Written by Joe Lowry with research and editorial assistance by Trish Gully.
It was the first day of training for the 12 newly hired Black Firefighters on July the 11th, 1955. These men had to endure more than what any regular firefighter was asked to do. They were basically treated as a total separate fire department. The officers assigned to train them told them they really did not care if they passed or not and that they did not want them there. They passed the training which took about 3 months. After their assignment to Fire Station 8 located at 832 Mississippi Blvd., Captains M.D. Baxter, Charles Gunti, and Lieutenants Duane Snyder and W. S. Bomar were assigned to serve as station officers. This was considered a punishment assignment by the other members of the department.
They lived in the Officers’ Quarters away from the men. There was a station TV set, but it was in the Officers room. Local funeral director/and Ambulance Service owner Samuel Qualls Jr, and two other Black Businessmen provided the men with a TV set. Sam Qualls served as the mentor for these young men, something they were not afforded by the department. Usually when a young man comes out of Drill School and is assigned to a company, his officer makes sure he is safe and able to manage the stresses of being a new man. This did not happen to these men. The department basically treated these men as a separate department within a department.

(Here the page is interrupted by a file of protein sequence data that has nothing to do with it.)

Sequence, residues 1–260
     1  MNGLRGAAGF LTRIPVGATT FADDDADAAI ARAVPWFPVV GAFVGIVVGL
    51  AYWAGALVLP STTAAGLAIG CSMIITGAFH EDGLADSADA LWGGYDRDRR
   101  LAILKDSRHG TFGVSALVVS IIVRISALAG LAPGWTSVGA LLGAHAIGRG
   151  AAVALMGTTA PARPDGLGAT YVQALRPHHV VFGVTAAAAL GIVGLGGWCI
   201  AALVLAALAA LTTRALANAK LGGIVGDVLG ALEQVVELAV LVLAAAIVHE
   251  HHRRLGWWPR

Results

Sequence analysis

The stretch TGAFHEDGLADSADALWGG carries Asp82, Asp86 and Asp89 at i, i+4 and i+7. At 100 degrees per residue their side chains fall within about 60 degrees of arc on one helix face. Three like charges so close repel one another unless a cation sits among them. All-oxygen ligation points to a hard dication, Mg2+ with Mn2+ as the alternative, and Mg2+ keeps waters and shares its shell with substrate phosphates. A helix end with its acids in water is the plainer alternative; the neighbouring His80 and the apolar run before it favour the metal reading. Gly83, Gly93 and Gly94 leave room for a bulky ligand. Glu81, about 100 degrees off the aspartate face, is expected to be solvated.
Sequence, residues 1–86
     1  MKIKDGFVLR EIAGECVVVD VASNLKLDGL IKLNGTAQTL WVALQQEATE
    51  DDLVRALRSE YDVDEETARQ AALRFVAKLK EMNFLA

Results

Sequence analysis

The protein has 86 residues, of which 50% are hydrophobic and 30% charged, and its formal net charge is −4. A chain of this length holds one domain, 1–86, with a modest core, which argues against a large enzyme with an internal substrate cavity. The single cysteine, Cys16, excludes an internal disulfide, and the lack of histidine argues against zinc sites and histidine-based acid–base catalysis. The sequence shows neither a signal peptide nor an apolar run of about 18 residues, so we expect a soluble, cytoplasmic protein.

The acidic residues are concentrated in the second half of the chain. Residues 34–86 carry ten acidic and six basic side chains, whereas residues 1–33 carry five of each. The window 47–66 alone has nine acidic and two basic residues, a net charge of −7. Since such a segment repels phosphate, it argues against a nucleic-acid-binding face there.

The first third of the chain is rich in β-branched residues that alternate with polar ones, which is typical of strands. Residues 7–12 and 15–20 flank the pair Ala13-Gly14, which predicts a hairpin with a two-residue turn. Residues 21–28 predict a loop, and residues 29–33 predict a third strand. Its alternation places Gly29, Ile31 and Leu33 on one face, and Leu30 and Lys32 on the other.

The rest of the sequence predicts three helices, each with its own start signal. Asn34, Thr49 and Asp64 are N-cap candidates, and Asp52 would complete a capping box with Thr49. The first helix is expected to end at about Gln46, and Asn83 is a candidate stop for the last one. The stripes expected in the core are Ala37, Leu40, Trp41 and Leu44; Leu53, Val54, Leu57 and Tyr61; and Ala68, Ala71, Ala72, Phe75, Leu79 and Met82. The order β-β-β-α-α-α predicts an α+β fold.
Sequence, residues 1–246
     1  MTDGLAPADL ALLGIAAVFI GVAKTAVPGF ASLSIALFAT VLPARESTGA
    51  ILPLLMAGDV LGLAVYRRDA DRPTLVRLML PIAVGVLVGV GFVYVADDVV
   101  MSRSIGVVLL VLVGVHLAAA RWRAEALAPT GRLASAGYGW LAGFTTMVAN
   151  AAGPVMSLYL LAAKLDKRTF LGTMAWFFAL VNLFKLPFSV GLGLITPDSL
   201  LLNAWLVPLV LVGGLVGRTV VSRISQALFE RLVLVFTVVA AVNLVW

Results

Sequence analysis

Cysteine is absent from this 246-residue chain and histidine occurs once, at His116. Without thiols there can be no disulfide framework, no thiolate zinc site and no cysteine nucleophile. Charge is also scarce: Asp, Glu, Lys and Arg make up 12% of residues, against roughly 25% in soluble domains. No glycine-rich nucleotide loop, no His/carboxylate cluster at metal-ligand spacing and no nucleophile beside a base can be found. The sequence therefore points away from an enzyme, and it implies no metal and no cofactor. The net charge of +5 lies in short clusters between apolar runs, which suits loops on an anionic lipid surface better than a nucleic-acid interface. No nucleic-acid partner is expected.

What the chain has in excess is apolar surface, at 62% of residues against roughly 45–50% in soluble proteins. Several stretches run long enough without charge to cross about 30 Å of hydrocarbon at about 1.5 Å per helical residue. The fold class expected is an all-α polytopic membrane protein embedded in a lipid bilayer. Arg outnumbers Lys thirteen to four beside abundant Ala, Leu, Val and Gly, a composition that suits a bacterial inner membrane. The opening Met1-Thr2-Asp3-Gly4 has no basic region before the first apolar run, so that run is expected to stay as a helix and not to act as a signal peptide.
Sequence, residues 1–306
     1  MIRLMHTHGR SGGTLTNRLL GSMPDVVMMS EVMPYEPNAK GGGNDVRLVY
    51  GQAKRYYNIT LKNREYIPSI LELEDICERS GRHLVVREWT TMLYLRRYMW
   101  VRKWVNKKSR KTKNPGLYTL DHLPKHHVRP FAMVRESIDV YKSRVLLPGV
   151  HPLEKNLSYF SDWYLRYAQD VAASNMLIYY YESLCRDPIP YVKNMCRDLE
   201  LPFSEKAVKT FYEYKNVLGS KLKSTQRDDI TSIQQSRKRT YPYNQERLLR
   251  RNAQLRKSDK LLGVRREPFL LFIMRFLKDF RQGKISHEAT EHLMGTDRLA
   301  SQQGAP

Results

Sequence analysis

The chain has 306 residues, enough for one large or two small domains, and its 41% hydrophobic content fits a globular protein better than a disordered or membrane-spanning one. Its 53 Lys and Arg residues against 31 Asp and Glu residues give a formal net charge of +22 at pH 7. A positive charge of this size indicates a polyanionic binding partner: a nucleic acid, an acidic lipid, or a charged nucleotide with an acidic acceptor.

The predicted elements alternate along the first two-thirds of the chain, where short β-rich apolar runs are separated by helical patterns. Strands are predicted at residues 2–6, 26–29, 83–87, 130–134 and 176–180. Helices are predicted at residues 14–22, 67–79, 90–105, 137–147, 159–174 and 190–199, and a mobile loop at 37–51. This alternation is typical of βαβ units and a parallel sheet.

When these guys drove out of rank, they were not compensated for it like the whites were. The compensation policy was different for the black firefighter. When they responded to a white person’s home they had to enter through the back door. They were not afforded the opportunity to experience the work on the other apparatus that other firefighters were offered. They were dispatched to all 2nd alarm or greater fires. They were given the worst jobs. Of this group of men, some of the best and most respected firefighters came from within. Some became Chief Officers in all bureaus and departments. The white firefighters and the department did not want them. They had to prove their worth every day. These were men of character and they had to prove themselves against all kinds of situations. They are; John Cooper, Murry Pegues, Robert J Crawford, Else Parsons, Lawrence Yates, Earl Westley Stotts, Norvel Wallace, Leroy Johnson Jr., William C. Carter, Richard H. Burns, and Floyd Newsum.
This historian knows for a fact the Captain Arthur Locastro and Lt. Kenny Holmes treated the men with respect and they got respect in return.
When Lt. Kenny Holmes was sent to Fire Station 8, he took the men in the bed hall and told them this “we are all the same color here, and if you treat me with respect, I will treat you with respect.” They did exactly that. Lt. Holmes was assigned to Captain Baxter, who was never at work. Lt. Holmes did a fine job.
I became close personal friends with Norvell Wallace, so much so that I gave the eulogy at his funeral. He told me on several occasions white firefighters would go out and scrounge up old shoes and tie them together and then ride by station 8 and throw the shoes into the station and say, “here shine these shoes”. These men became some of the toughest firefighters on the entire job. They took more heat and worked harder than most white companies on the department.
Without the vision as in many integrated and full African American fire companies in other cities of the day, including Nashville, Memphis lagged behind the times. Many of these men, some who had fought and served our country, paved the way for the future, as the time had come to give a fair chance to all in the fire services.